DRC doctors trying to get intern posts in SA say that they are being discriminated against in favour of local doctors.
We wish to inform you of our situation as regards placement as medical interns by the National Department of Health. We are 60 medical doctors – refugees from the Democratic Republic of Congo (DRC). We have followed all the steps established by the Health Professionals Council of SA (HPCSA) for us to be registered here in South Africa as medical doctors.
Some of the steps are: 1. To translate our degrees from French to English. 2. To write the English test, called IELTS from the British Council. 3. To authenticate our degrees from US where there is one institution which deals on behalf of the HPCSA for verification of degrees. 4.To sit the Board Examination which is organised by HPCSA twice a year, in April and in October.
We were successful in the December 2016 Examination for Foreign Qualified Medical Practitioners conducted by the Medical and Dental Professions Board of HPCSA in the University of Kwazulu-Natal. We are now eligible to register as Medical Interns in terms of Regulation 2(1) of Government notice n:R.101 of 06 February 2009.
Since 2016 the National Department of Health has created a new system on line Application called ICSP, Intern Community Service Programme. We applied on the above system for the first time in the mid-year cycle in May 2017. Unfortunately, we were unsuccessful because of a shortage of posts, since the guideline which is applicable for placement of Medical Interns stipulates that citizens first.
After that we received a message from the ICSP team, encouraging us to re-apply for the annual cycle 2017/2018. According to them the annual cycle 2017/2018 will have enough posts for all candidates who are seeking for Medical Internship. The annual cycle was opened for application on Monday 14 August, 2017 and was closed on Monday 11 September, 2017. We as well applied on the above cycle; unfortunately, we didn't receive any posts. We feel like we are forgotten.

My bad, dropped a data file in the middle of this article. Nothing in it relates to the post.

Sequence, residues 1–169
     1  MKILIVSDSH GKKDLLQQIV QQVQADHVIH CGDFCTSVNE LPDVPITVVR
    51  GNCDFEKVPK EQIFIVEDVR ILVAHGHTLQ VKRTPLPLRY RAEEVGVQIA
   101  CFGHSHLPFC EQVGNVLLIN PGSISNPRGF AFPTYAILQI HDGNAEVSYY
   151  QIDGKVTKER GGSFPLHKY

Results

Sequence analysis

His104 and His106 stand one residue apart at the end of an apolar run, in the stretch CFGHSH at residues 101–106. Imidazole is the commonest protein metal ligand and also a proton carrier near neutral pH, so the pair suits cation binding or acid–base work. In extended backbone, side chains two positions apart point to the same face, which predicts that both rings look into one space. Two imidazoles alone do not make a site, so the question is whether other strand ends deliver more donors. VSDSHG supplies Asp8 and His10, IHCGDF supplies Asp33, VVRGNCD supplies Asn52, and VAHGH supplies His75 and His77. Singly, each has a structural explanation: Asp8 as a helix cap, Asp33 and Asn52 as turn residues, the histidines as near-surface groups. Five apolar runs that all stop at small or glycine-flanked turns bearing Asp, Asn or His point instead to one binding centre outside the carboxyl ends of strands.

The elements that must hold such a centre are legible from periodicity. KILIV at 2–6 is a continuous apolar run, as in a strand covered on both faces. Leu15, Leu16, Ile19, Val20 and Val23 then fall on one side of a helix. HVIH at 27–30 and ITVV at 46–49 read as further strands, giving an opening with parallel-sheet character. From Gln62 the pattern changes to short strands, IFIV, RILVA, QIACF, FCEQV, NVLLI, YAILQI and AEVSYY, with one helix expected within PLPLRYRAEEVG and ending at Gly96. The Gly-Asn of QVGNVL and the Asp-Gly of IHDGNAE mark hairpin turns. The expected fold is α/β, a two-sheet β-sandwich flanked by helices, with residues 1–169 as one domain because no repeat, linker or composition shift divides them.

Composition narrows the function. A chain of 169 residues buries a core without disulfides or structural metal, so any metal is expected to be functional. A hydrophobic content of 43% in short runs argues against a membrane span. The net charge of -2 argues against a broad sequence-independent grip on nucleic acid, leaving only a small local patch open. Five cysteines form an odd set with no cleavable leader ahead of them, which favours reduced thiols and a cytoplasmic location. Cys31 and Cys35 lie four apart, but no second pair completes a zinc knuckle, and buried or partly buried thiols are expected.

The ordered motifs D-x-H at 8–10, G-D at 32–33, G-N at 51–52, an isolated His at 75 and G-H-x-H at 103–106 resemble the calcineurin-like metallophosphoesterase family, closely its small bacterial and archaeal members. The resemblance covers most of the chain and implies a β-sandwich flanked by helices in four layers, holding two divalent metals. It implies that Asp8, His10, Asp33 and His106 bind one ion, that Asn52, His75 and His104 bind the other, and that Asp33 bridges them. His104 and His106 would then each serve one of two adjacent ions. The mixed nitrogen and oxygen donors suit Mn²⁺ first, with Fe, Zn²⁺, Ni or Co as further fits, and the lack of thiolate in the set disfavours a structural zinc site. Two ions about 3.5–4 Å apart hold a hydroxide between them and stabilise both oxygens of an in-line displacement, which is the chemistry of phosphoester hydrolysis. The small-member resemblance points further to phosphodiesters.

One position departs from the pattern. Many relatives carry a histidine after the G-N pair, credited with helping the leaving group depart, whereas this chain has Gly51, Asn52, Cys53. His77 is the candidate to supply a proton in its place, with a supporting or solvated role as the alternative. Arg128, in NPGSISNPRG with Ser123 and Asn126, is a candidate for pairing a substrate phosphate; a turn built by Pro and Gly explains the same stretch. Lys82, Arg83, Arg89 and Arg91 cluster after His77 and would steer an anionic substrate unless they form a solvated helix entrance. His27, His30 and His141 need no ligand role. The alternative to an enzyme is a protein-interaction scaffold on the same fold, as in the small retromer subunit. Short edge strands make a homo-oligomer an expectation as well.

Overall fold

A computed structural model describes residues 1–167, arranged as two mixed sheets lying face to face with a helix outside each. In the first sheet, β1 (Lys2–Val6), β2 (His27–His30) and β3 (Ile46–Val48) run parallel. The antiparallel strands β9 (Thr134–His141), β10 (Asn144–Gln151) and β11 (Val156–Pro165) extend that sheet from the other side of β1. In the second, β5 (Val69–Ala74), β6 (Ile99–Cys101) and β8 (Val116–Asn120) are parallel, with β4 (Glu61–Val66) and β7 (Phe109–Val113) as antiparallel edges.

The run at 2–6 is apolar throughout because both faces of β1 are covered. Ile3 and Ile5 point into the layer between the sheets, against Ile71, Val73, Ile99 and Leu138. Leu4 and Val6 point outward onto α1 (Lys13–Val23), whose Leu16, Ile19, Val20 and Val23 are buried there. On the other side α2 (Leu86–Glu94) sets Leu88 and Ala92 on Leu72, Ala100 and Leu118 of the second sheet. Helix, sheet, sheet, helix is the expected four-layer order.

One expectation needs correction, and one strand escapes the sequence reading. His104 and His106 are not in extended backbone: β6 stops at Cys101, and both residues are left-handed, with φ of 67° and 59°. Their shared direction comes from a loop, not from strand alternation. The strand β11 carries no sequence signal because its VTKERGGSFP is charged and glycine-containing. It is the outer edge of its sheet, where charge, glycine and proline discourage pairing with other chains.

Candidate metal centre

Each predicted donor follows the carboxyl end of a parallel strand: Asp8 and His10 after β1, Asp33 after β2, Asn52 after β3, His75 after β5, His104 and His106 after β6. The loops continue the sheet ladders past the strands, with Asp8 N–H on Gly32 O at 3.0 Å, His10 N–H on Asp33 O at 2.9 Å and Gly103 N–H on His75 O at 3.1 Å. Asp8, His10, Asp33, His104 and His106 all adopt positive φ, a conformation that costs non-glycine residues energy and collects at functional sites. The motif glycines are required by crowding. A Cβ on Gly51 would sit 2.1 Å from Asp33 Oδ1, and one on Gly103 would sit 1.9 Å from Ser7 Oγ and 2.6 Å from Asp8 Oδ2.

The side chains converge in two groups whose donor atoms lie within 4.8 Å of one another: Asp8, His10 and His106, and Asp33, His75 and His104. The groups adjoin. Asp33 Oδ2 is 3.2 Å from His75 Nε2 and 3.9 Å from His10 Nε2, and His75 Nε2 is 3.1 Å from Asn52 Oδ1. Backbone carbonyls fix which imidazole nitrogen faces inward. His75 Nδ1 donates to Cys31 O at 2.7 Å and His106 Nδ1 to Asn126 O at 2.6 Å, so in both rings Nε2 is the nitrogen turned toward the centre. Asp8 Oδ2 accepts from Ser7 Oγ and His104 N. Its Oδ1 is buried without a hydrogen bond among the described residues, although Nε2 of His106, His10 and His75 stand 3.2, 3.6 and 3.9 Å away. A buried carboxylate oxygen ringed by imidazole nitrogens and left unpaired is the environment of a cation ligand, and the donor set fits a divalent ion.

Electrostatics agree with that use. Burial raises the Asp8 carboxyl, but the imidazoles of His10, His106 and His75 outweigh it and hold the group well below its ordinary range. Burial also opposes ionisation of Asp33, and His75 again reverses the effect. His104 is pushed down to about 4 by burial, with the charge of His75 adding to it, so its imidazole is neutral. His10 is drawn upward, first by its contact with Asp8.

The National Department of Health held on 9 November 2017 a meeting which was hosted by the department, with provincial coordinators and stakeholders, as regards the second round. When this was opened, again we didn't receive any posts. The same song was, citizens first.
Our question is why did the HPCSA organise the board examination if they knew that they didn't have enough posts for foreign doctors? We approached the HPCSA and SAMA so that they can talk for us to the National Department of Health but they didn't respond us.
So now we don’t have somebody to talk for us and we don’t have enough money to hire a private lawyer. We are within our rights, we are not begging for jobs because we completed all the requirement from HPCSA, so that we could be register as medical interns in the public sector.
This is really a case of discrimination. Because we are not citizens that is why the NDOH doesn't respect our rights.
TEAM LEADER OF REFUGEE DOCTORS. (via email – name withheld)